The BBC's team of correspondents log their impressions and reports on the perceived rise of anti-Semitism in Europe as Jewish leaders appeal to the European Union to take a tougher stance.
Most recent postings are at the top.
Adam Easton :: Warsaw, Poland :: 1103GMT
Sixty years after the Holocaust, the issue of Jews and anti-Semitism is still very emotional in Poland.
Before World War II, 3.5 million Jews lived in Poland, but most died in the Nazi concentration camps, many of which were located in Poland.
Guests at the anti-Semitism seminar in Brussels
According to some estimates, there are fewer that 6,000 Jews now living in Poland.
But anti-Semitism is not hard to find - anti-Semitic slogans can be heard at football grounds and seen on election campaign posters.
Many Poles believe a Jewish elite runs the country behind the scenes.
But Poland has recently been facing up to its complex Jewish history.
A few years ago, evidence emerged that the Poles had rounded up and burned more than a thousand Jews in the small town of Jedwabne in 1941.
Although denial persists, the issue became an open and often painful public debate, which ended with an apology from the country's president.
There are other signs that Jewish culture is flourishing.
Every year, the city of Krakow hosts an internationally acclaimed Jewish cultural festival, and its old Jewish quarter has been rejuvenated.
More and more Poles, it seems, are becoming interested in Poland's rich cultural legacy.
Alistair Sandford :: Paris, France :: 1100GMT
The French government angrily rejects charges of widespread anti-Semitism among French people.
President Chirac has said that an attack on French Jews is an attack on France, but several recent incidents have highlighted the scale of the problem.
The Jewish singer Shirel was subjected to a torrent of anti-Semitic abuse on stage from young people in the audience, while the well-known comedian Dieudonne gave a Nazi salute on state television to illustrate his attack on Israeli policy.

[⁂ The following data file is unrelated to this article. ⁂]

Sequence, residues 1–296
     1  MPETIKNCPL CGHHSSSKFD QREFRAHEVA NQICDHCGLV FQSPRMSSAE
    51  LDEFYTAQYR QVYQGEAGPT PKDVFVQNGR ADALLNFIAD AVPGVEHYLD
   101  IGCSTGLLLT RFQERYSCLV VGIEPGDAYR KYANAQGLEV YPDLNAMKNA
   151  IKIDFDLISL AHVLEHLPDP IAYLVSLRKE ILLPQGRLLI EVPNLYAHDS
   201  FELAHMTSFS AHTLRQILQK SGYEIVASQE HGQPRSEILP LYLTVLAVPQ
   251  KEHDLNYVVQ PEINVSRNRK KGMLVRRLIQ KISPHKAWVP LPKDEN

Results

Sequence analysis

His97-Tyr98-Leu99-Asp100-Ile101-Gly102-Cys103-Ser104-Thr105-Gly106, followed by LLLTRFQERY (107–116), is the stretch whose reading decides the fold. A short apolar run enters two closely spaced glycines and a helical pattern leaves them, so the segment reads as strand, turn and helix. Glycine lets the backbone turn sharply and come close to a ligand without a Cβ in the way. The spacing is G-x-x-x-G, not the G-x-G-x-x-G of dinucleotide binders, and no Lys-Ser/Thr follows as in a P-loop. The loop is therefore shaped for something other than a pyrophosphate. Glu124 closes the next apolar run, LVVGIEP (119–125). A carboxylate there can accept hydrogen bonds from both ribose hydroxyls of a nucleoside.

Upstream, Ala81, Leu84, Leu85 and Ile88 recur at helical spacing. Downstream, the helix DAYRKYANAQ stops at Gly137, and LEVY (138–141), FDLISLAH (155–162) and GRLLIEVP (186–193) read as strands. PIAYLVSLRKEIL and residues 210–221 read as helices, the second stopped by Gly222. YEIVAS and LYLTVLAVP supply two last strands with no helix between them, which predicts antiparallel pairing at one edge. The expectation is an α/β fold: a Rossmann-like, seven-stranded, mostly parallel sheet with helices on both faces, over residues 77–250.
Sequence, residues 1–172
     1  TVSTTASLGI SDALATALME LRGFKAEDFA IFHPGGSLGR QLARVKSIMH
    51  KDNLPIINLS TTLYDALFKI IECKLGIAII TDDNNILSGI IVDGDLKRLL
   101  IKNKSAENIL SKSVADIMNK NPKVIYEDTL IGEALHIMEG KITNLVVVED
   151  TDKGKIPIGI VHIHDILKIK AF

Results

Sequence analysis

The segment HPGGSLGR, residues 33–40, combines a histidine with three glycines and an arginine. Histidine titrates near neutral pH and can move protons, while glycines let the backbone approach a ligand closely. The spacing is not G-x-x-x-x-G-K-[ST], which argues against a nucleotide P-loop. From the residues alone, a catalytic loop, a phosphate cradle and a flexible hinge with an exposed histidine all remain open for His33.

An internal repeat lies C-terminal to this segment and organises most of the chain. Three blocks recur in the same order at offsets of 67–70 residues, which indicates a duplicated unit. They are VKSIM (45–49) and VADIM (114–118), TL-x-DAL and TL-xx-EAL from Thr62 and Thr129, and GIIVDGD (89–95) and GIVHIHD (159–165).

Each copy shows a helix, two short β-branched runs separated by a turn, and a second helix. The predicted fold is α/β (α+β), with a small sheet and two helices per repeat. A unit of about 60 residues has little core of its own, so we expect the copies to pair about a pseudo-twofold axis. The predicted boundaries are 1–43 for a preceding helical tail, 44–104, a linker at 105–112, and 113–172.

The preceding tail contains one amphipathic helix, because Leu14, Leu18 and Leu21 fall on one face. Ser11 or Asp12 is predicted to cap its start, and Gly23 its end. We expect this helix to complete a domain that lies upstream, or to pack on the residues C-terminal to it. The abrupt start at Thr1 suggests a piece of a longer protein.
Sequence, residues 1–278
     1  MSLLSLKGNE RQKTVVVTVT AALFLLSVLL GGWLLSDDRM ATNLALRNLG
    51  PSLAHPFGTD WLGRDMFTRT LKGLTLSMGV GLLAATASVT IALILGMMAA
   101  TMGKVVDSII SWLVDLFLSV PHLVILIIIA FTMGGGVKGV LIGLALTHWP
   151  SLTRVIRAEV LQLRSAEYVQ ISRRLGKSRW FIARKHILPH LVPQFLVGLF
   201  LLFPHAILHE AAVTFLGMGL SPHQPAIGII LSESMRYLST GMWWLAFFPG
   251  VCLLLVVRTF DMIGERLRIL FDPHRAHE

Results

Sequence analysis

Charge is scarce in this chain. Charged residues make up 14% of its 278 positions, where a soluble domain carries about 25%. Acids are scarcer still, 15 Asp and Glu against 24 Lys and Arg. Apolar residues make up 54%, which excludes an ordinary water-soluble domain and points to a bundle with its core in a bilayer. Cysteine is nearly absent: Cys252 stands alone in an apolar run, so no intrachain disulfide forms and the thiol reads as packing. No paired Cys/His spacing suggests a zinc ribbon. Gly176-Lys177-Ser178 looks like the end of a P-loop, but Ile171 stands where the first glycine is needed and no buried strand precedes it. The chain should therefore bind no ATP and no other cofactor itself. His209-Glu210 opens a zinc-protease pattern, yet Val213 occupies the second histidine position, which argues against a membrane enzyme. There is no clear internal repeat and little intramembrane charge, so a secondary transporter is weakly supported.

Late last year, a Jewish school in a Paris suburb was burned, and the organiser of a demonstration against the ban on headscarves in schools used the occasion to attack Zionism.
The visit of the Israeli president to Paris this week - the first for 60 years - shows how keen France is to reassure Jewish people.
But it's clear that tensions are high in a country that contains the world's third largest Jewish community and Europe's largest number of Muslims.
Lars Bevanger :: Oslo, Norway :: 1000GMT
Although there has been little in terms of anti-Semitic violence in the Scandinavian countries, Israeli expatriates and pro-Israeli groups have criticised what they call institutionalised anti-Semitism.
At one stage, soon after the start of the latest intifada, the Norwegian federation of Trade Unions called for a boycott of all Israeli goods.
The move was condemned by the sitting right-of-centre government here, which said it could be interpreted as anti-Semitic.
Just last month, across the border in Sweden, a now infamous episode saw the Israeli ambassador to Stockholm destroy an art installation in full view of television cameras.
The installation, made by an Israeli artist, had the picture of a female Palestinian suicide bomber mounted on a toy boat, floating in a sea of red water reminiscent of blood.
The ambassador condemned the art work and said it was yet another example of anti-Semitic actions tolerated by the Swedish state.
The Swedish government refused to remove the art installation, and would not condemn it.
Scandinavian countries like to be seen as peacemakers, and there is a genuine desire here for the Middle East conflict to come to an end.
But there is also a tendency to side with what many regard as the underdog in the conflict - the Palestinians - and that tendency is prone to be interpreted by pro-Israelis to be anti-Semitic.